“She’s been more or less in a coma since.”

The next day, according to Roberto, one doctor wanted to disconnect her from a life-support machine. Another doctor argued against it and said to give her more time.

He called his son Aaron Roberto in Germany. His son, who trains paramedics, told him to wait 72 hours after surgery before making any decisions.

She stabilized and was transported to Albuquerque, where she has been ever since.

Roberto was suddenly dropped into the middle of a paperwork maze. Since El Paso, Susana’s been moved between seven hospitals and long-term care facilities in Río Rancho and Albuquerque. He didn’t know her Medicaid and Medicare insurance coverage – which pay for different costs depending on the situation – had lapsed until he received a $39,000 bill from one of the facilities that made it clear she wasn’t covered.

The drive

Roberto opens his Alterations Boot and Shoe Repair shop at 9 a.m. to begin his work. His little business is squeezed in between a hair salon and a dog grooming shop. Inside, the smell of leather and glue and dust. Boots line the shelves in various stages of repair. Customers trickle steadily in and out of the shop, dropping off worn boots, picking up stitched shoes. He hasn’t turned the television on since Susana ended up in the hospital.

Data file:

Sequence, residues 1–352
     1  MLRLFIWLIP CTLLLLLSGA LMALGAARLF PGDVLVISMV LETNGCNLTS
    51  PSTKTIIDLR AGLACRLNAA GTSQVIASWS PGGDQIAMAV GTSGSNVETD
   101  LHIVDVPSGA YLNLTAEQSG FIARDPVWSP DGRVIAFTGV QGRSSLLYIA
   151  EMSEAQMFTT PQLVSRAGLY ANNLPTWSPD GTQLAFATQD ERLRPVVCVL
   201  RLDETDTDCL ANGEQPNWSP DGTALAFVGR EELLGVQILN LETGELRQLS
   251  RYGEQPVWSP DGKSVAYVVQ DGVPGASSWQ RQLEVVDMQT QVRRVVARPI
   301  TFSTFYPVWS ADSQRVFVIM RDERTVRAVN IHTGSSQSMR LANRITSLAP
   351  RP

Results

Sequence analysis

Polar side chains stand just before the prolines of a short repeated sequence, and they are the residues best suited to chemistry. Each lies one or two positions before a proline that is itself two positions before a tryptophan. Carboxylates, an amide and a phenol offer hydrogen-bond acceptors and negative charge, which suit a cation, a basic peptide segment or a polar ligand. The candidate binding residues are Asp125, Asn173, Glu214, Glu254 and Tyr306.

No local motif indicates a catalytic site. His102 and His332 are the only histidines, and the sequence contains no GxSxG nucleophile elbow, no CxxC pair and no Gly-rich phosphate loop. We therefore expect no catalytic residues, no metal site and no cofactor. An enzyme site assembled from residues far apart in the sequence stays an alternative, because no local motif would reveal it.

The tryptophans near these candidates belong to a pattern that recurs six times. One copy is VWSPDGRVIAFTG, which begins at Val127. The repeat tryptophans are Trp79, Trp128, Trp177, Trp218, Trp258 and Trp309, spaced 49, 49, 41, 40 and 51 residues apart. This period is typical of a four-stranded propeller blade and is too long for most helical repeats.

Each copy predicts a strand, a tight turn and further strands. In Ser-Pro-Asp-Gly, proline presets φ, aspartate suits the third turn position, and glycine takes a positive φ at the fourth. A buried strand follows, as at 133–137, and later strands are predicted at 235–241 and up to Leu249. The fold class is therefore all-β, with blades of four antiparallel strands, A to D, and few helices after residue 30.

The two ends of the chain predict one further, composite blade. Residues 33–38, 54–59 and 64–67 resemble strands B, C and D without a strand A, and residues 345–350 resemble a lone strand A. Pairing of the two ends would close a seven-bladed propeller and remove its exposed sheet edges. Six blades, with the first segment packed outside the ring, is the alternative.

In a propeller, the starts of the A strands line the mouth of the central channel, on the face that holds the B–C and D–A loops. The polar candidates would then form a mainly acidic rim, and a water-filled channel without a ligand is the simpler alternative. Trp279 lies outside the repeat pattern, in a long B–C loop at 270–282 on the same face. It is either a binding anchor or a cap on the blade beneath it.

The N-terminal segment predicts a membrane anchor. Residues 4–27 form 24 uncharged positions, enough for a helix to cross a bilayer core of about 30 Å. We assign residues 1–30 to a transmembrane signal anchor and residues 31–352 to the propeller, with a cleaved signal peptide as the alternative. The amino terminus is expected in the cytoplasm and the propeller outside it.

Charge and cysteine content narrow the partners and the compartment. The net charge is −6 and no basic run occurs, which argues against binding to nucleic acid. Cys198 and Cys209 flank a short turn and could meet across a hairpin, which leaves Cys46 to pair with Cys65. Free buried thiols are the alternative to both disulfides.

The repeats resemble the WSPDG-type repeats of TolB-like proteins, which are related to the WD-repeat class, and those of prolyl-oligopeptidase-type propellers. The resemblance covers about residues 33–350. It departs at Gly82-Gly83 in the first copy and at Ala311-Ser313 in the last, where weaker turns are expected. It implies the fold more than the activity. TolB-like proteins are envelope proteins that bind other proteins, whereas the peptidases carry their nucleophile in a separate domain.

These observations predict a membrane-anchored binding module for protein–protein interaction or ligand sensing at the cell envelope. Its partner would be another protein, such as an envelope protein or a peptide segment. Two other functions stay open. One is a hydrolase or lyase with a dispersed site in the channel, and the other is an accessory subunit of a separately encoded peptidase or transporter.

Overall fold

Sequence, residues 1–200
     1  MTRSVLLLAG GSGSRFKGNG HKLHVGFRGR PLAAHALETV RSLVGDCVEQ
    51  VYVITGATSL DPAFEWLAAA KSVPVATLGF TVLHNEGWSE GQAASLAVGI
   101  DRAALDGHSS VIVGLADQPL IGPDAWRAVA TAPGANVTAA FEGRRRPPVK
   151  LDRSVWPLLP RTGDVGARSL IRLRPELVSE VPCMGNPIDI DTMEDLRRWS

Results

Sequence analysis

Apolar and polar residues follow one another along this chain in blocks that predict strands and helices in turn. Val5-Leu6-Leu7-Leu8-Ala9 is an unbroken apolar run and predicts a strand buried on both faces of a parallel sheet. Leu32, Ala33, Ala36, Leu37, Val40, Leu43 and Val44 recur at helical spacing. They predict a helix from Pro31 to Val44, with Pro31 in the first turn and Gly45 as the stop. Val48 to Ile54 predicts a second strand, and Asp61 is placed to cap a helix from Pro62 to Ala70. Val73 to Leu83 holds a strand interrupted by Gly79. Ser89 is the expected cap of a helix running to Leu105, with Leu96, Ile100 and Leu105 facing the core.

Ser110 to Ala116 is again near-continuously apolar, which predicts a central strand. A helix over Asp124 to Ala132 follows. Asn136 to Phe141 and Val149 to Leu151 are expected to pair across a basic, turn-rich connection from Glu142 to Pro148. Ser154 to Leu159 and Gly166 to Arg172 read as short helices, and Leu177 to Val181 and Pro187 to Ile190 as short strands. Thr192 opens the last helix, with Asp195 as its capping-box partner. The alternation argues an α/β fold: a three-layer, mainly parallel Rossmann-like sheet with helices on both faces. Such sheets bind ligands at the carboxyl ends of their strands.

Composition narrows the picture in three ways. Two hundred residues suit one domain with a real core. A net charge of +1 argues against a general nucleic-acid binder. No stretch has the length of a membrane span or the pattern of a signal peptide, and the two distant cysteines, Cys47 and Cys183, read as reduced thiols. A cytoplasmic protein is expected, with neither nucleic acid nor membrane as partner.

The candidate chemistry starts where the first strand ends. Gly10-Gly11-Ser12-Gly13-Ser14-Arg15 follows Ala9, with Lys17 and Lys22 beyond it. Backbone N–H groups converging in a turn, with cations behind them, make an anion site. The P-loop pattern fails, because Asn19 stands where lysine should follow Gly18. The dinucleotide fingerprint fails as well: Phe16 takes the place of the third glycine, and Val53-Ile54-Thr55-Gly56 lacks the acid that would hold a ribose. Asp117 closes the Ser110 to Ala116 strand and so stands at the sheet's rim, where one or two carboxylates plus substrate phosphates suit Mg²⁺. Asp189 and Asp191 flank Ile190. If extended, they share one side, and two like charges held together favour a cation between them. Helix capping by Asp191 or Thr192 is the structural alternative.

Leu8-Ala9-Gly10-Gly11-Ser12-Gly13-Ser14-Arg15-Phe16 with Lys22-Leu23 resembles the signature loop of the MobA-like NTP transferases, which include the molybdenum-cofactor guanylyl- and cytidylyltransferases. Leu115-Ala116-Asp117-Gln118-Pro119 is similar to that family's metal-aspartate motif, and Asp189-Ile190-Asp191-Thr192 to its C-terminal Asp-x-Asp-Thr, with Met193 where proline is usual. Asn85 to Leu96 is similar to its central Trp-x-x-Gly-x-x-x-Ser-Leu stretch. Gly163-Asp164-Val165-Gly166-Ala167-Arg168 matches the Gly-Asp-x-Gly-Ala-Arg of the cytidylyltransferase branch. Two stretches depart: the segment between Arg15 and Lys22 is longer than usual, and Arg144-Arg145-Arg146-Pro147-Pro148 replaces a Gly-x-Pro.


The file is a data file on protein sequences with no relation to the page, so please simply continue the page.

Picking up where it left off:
He closes the shop at 2 p.m. on weekdays, 1 p.m. on Saturdays, to go see Susana. Sunday is the day he seeks solace with his church community.

He drives well under the highway speed limit to Albuquerque, even slower in the canyon. Over the long, snowy winter, he drove at a crawl to get there over icy roads.

He says he likes to drive slowly because he enjoys the views.

Sometimes he pulls off to the side of the road for a few minutes to listen to the Río Grande flow by.

He stops once at the same gas station in Española.

When Susana had been at a long-term care facility, he wasn’t allowed to spend the night. Presbyterian Hospital, where Susana has been since early August, would let him stay but it’s too hard because he has to open the shop each morning in Taos.

On the way back to Taos, when he’s exhausted, he’ll sometimes pull into a well-lit casino parking lot in Española and nap.